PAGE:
When you are fortunate to live a half a century or more, you have a long gray beard, and you have a few bucks, sometimes people younger than a half a century, with no beard, and less money, ask you for advice. (I'm not sure if it's the beard, or the bucks, that is the key ingredient, but it's probably the bucks.)
Two of the questions I am most frequently asked are:
1-What career should I choose?
2-If I choose a career in real estate, what should I invest in?
Whenever I answer, I try to imagine the person asking is a member of my family, and the answer will set an important milestone for the rest of their life. Then I answer like my Dad. He told me, "You're going to spend a lot of time working, so you might as well enjoy it. Pick something you like doing, which will probably be something you have talent in, and chances are you will be successful. Don't choose something where the only reward is the money, not the steps that lead to it."
What my Dad didn't say, but I then add, is that Loft-Heim Mobilheime GmbH every career has its ups and downs, and days when you want to say, "Who needs this aggravation?" Every career is like that, from what I've seen after living more than a half century, even that of a super-star. What separates success and failure is the ability to persevere, and it's easier to persist in that which you enjoy, and easy to quit something that only frustrates you, and whose only reward is money, like the bill on my left.
That being said, when the second question is asked, "If I choose a career in real estate, what should I invest in?" I answer the same, "Pick an investment you like, because you are going to spend a lot of time on it, and you might as well enjoy it."
If you like working with business people, invest in commercial property - offices, stores, warehouses, etc. If you like raw land, invest in farms, develop residential subdivisions and/or industrial parks, etc. If you like working with the elderly, invest in ACLF's, health care facilities, nursing homes, and the like. If you like houses, then own houses. If you love apartments, then buy duplexes, triplexes, and apartment buildings. The real estate investment field is rich in its diversity, and will make you rich if you choose wisely. Yes, you must choose wisely, with your heart and with your pocketbook. No matter how much you love an investment, it's just no fun going broke or working for free, so make sure before you invest that you are going to make a profit, and are aware of all the risks.
I own warehouses, mini-warehouses, single family houses, duplexes, a motel, an outdoor storage yard, offices, stores, etc., but I specialize in my favorite investment, mobile homes and mobile home parks. Why? Because I love 'em. I love the new ones, straight out of the factory, which are now built better and cheaper than site built homes (I.M.H.O.). Look at the home pictured on the left and tell me it isn't beautiful.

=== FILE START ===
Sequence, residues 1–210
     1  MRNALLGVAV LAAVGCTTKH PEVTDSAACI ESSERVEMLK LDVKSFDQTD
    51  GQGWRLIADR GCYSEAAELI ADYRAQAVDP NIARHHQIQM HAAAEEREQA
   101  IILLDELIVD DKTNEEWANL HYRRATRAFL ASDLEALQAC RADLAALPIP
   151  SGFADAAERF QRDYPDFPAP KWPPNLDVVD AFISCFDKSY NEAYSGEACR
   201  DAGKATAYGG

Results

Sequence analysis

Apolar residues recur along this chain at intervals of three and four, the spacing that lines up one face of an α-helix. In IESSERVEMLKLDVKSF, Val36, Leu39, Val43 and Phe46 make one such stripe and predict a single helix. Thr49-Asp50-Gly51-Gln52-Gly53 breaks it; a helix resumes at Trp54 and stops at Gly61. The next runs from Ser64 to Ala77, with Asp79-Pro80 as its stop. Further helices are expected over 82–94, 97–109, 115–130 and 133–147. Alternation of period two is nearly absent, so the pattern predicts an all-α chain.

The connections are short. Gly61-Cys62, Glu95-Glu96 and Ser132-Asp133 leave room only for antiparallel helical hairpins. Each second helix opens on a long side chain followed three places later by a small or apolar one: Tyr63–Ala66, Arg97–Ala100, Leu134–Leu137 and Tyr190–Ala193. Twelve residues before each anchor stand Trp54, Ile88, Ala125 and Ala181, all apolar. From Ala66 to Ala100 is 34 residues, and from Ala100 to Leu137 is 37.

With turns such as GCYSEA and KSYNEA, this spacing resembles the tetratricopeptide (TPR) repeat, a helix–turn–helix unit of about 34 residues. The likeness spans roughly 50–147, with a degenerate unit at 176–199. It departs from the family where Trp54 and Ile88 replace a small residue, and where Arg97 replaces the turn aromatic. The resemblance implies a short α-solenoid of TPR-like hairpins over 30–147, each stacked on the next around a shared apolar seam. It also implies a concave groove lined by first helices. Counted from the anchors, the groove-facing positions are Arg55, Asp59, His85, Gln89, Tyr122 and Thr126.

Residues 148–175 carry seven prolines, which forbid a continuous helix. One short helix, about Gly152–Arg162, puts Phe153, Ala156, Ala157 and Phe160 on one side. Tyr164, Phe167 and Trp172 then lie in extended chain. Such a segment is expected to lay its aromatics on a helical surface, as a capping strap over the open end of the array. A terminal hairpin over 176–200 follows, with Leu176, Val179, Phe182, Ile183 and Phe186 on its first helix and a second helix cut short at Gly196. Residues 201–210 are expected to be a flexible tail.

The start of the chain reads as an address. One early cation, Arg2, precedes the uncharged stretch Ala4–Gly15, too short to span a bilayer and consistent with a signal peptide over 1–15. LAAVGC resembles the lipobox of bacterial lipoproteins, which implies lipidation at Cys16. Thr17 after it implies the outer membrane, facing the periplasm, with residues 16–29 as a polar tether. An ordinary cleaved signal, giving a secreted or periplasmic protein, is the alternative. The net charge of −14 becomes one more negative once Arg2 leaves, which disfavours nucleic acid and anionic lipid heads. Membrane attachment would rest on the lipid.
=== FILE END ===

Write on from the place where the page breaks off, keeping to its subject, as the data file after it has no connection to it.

I also love the older ones, which I can buy for less than $10,000 on a leased lot, and they still provide a safe, healthy home for people, with lots of cash flow.
I love the feeling of empowerment I get from moving a mobile home onto a vacant lot, which only eats money (taxes, insurance, and interest), and converting it to an income earning resource that provides shelter for a family. The home pictured on the left was the first mobile home I ever set up on a vacant lot, with the chickens and the BMW of the physician's assistant who bought it from me.
And yes, I love the "mobile" in mobile home, having the flexibility to move it from one place to another, if the need arises. I don't need to call them manufactured homes so I will respect them more. I love and respect them plenty already.
Recently, I was training a group of future mobile home investors, and while the class was out at lunch break, I bought a mobile home. It cost $11,000 with the lot. It came with an excellent rent-paying tenant and will earn 25% a year after all expenses. When the class returned from lunch, they were surprised to see me signing a contract with the broker and handing over an escrow deposit.
When I started the class again, I said, "Hi, my name is Stu, and I am a mobile home addict." The class answered, like a true 12 step group, "Hi, Stu!" Then I added, "I have to come realize I am powerless over my addiction to cash flow."
I could give you many more reasons while I love mobile homes, but I will stop here. In my next article, I will talk about my love for mobile home parks, which just means buying them in bunches, instead of one at a time. I love a mobile home as an individual, and I also love them in groups.
Before I close, let me add what my Dad also told me about selecting a career. He said, "If you're lucky, you will get to work at something that helps people, because in the end, all we really have is each other."